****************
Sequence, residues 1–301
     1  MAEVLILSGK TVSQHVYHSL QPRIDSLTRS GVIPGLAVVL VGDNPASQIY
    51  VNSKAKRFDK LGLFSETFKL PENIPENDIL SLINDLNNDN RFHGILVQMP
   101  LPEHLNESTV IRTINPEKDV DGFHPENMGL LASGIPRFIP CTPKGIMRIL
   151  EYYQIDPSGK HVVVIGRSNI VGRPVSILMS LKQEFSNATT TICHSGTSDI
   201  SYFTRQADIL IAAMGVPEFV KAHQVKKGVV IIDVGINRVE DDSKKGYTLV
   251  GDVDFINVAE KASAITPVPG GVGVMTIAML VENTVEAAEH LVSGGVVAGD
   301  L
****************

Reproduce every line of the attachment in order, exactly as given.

Sequence, residues 1–301
     1  MAEVLILSGK TVSQHVYHSL QPRIDSLTRS GVIPGLAVVL VGDNPASQIY
    51  VNSKAKRFDK LGLFSETFKL PENIPENDIL SLINDLNNDN RFHGILVQMP
   101  LPEHLNESTV IRTINPEKDV DGFHPENMGL LASGIPRFIP CTPKGIMRIL
   151  EYYQIDPSGK HVVVIGRSNI VGRPVSILMS LKQEFSNATT TICHSGTSDI
   201  SYFTRQADIL IAAMGVPEFV KAHQVKKGVV IIDVGINRVE DDSKKGYTLV
   251  GDVDFINVAE KASAITPVPG GVGVMTIAML VENTVEAAEH LVSGGVVAGD
   301  L